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your email was probably on some data base when you signed for a newsletter or something - probably related to gaming in some way. with many millions of people having d3 or wow, there chances of emailing someone with an account is pretty high (that's my theory anyway). I've had a blizzard account since wow was released and i get emails on my Hotmail account even though my account is through my internet provider ;)

 

but re read what dysfunction said nor blizzard or yourself have been hacked.

 

edit: I'll also point you here:

http://us.battle.net/en/security/

Edited by corky

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TBH i ignore most emails in regards to my account i get from blizzard, i assume most things i get from blizzard are fake emails and if i everythink anything might be wrong, i log into my account which is normally fine, if i still think anything is a miss from there i will find an email adress for blizzard support off there website and email them directly asking if anything is wrong.

 

That little process has saved me alot of grief with fake emails.

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Guest xyzzy frobozz

your email was probably on some data base when you signed for a newsletter or something - probably related to gaming in some way. with many millions of people having d3 or wow, there chances of emailing someone with an account is pretty high (that's my theory anyway). I've had a blizzard account since wow was released and i get emails on my Hotmail account even though my account is through my internet provider ;)

 

but re read what dysfunction said nor blizzard or yourself have been hacked.

Cool. I get what you're saying, but I would question whether Blizzard hasn't at least had it's user lists compromised. It's interesting to note that, on all of my email adresses (I have three), this is the only one that has receivedsuch an email. It also happens to be the email address that I log into D3 with. This is supposedly my "secure" email address that I use for logins, and where I sign up to forums or newsletters, I do so with an alternate address for that very reason.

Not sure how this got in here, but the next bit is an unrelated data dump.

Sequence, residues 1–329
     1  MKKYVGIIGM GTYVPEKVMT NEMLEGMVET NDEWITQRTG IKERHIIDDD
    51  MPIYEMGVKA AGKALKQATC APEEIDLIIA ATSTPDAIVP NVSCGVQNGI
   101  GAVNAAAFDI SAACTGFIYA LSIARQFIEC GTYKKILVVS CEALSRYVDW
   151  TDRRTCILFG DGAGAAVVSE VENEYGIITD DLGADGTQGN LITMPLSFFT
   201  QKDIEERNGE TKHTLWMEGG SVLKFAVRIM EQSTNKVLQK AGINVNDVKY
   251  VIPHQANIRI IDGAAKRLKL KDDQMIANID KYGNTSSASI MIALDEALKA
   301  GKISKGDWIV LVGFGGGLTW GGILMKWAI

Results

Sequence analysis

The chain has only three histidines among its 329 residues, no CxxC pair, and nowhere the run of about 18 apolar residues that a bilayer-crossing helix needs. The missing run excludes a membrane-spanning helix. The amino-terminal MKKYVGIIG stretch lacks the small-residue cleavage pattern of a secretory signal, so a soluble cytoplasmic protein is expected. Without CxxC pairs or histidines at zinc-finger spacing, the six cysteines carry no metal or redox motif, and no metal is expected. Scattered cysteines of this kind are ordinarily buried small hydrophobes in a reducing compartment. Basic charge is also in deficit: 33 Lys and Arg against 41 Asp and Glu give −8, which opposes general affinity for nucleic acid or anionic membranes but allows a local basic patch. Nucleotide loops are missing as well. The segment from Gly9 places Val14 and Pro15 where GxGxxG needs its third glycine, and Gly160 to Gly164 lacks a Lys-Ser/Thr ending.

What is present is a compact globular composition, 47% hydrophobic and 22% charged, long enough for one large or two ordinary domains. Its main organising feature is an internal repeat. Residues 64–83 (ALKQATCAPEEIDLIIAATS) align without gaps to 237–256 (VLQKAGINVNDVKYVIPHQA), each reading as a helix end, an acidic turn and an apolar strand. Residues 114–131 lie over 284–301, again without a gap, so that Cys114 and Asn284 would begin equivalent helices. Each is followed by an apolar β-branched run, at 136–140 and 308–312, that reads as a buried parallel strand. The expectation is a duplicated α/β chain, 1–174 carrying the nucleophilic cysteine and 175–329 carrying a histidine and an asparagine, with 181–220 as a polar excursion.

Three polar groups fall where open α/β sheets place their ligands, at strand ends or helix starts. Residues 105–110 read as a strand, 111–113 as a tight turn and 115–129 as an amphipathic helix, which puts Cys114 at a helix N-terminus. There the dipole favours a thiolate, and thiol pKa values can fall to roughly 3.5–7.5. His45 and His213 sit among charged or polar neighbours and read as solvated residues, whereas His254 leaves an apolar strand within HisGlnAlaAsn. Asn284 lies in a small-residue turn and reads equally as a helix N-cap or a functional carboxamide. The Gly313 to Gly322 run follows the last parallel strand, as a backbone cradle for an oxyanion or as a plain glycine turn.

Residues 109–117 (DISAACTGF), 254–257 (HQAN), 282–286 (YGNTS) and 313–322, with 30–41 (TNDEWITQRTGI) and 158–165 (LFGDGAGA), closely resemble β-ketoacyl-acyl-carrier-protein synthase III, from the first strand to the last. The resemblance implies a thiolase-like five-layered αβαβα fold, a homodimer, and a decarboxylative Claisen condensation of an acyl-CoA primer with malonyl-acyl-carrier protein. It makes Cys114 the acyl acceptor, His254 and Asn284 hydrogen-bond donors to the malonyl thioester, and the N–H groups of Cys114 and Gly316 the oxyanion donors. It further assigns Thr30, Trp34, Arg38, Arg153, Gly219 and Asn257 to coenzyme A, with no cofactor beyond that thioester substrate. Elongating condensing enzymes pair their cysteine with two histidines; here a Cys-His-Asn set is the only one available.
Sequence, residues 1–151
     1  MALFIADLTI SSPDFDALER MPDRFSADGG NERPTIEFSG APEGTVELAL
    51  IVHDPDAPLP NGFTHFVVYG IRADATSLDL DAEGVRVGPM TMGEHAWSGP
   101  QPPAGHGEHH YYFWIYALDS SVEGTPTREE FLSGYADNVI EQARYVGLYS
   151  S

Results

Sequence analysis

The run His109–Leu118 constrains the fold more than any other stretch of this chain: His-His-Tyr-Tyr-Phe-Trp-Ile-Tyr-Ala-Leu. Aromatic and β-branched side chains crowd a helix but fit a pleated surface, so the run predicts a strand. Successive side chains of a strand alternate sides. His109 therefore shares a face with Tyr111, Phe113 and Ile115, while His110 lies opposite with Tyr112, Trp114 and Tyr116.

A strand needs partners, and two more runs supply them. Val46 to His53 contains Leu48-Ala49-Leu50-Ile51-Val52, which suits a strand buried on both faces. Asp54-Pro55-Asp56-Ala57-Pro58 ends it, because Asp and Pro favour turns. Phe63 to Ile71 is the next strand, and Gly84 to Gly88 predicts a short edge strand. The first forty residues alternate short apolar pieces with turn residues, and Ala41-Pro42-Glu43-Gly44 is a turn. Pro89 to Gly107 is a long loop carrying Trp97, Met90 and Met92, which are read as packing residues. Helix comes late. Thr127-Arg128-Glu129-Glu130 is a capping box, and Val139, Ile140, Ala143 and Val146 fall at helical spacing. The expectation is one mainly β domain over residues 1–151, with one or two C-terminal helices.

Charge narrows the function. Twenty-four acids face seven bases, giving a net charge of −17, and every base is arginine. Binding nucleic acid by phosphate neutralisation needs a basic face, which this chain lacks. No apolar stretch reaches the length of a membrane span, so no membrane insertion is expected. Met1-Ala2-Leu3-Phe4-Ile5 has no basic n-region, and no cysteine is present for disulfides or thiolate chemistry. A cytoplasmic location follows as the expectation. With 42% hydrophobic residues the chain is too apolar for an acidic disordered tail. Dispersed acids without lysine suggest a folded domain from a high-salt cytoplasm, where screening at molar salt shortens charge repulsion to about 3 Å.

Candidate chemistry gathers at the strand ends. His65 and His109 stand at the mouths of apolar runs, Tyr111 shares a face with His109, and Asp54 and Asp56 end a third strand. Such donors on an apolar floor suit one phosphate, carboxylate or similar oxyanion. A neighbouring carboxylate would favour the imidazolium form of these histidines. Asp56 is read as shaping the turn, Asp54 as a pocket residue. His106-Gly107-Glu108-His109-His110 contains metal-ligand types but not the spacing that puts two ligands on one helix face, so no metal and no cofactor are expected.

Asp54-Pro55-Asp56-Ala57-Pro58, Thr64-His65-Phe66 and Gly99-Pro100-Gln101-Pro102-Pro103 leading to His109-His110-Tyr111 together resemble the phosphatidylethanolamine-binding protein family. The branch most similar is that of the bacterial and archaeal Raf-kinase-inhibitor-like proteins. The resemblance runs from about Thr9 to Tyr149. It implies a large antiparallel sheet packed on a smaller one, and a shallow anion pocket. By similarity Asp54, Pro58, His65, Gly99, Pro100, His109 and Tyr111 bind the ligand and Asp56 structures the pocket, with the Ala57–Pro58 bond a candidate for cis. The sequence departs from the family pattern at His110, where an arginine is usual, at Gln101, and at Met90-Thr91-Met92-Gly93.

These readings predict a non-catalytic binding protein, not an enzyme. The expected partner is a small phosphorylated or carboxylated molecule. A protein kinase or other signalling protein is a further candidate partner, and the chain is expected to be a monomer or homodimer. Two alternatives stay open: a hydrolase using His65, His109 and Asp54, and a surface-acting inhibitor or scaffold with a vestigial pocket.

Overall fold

I'm not saying you're wrong and I'm willing to accept the possibility that they just so happened to know my email address, and just so happened to know that I had Diablo 3, and just so happened to know that I logged into the game at approximately the time they mention in the email, and just so happened to send an email to the one of three email addresses that I use to log into Blizzard with. It just seems like a hell of a coincidence. A little too coincidental that I've never received emails like this for any other game that I either own or don't own, and a little too coincidental for me to really believe wholeheartedly that it is just a coincidence.

 

Again, I just can't help but feel that a lot of this could have been avoided had they chosen not to "protect" the game in the way in which they have. It's a convergence of events that is either extremely unfortunate at best, or extremely suspicious at worse, and it's been brought about by their decisions around having to play the game online.

 

EDIT:- Grammar

Edited by xyzzy frobozz

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your email was probably on some data base when you signed for a newsletter or something - probably related to gaming in some way. with many millions of people having d3 or wow, there chances of emailing someone with an account is pretty high (that's my theory anyway). I've had a blizzard account since wow was released and i get emails on my Hotmail account even though my account is through my internet provider ;)

 

but re read what dysfunction said nor blizzard or yourself have been hacked.

Cool.

 

I get all that, and I'm willing to accept the possibility that they just so happened to know my email address, and just so happened to know that I had Diablo 3 and just so happened to know that I logged into the game at approximately the time they mention in the email. Even if it does seem to be a hell of a coincidence. It also seems a little too coincidental that I've never received emails like this for any other game that I either own or don't own.

 

But, again, I just can't help but feel that a lot of this could have been avoided had they chosen not to "protect" the game in the way in which they have. It's a convergence of events that is either extremely unfortunate at best, or extremely suspicious at worse, and it's been brought about by their decisions around having to play the game online.

 

Just looked in my junk email, 15 emails from Blizzard Entertainment alerting me to all kinds of account activity. Not one genuine though :)